Since the murder of George Floyd on May 25, protests have sparked around the country in retaliation to his death, and also in response to the injustices Black and brown people face every single day. People of color, activists and allies are done being complacent — no longer taking no for an answer to the question of change.
People have different ways of demanding a difference. Some are organizing the protests, some are creating and signing petitions to reopen cases such as Breonna Taylor’s and some are taking a different, often frowned-upon approach: looting and rioting. During many of the big city protests, windows were smashed, corporate companies were stolen from and arguments between police officers and civilians got physical and ugly.
The people who frown upon this protesting approach are using cliches such as "violence is never the answer" and "violence isn’t going to solve anything." Nobody is saying that starting fires and breaking glass will automatically change the systemic injustices Black and brown people endure every day. Yes, there are other ways to ignite change besides violence. You can create new laws, educate people or even hold hands and sing about a better tomorrow. Sadly, all of those have been done before. Newsflash: Policy adjustments, proper education and peaceful protests haven’t changed anything either. New roads need to be taken and although I am not necessarily saying violence is the answer, we need to do what it takes.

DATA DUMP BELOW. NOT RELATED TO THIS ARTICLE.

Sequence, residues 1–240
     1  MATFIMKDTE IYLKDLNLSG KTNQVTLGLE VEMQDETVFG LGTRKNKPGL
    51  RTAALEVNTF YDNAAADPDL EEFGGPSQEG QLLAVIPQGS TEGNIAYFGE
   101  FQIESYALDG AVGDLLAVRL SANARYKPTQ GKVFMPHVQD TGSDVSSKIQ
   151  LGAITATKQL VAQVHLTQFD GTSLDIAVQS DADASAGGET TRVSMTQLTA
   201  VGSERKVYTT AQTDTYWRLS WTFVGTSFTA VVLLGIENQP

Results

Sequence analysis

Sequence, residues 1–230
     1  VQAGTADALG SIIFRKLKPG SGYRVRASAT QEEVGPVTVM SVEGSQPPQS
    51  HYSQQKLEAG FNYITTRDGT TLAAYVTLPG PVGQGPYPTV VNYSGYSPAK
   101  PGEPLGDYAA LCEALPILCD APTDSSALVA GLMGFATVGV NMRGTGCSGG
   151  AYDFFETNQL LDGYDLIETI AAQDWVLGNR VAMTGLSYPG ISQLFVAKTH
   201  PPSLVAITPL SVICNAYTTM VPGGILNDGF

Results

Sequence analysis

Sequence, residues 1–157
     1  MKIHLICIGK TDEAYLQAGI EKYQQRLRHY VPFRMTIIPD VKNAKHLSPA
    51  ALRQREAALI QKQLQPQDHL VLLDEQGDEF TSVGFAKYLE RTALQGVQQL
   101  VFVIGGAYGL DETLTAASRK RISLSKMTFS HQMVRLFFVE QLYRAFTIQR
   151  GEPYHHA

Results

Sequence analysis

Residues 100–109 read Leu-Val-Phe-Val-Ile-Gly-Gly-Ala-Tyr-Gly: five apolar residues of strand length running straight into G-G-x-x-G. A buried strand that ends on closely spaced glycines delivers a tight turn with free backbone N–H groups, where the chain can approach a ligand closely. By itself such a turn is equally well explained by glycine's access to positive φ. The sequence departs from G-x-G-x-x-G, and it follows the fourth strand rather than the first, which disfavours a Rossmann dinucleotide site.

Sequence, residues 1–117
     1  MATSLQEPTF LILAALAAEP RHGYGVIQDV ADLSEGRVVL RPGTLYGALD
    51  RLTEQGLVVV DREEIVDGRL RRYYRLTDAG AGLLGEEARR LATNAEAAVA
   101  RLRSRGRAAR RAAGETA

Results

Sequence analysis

Before you say violence won’t solve anything, step back and remember that your beautiful America is guilty of some of the most violent acts in history in which the whole purpose was to gain power. From the very beginning, this country got what it wanted through corruption.
First, there was the attainment of the colonies through the mass murder of Native Americans and their tribes. Then, the building of America on the backs of traded African slaves who were forcefully stripped from their lives to be exploited overseas.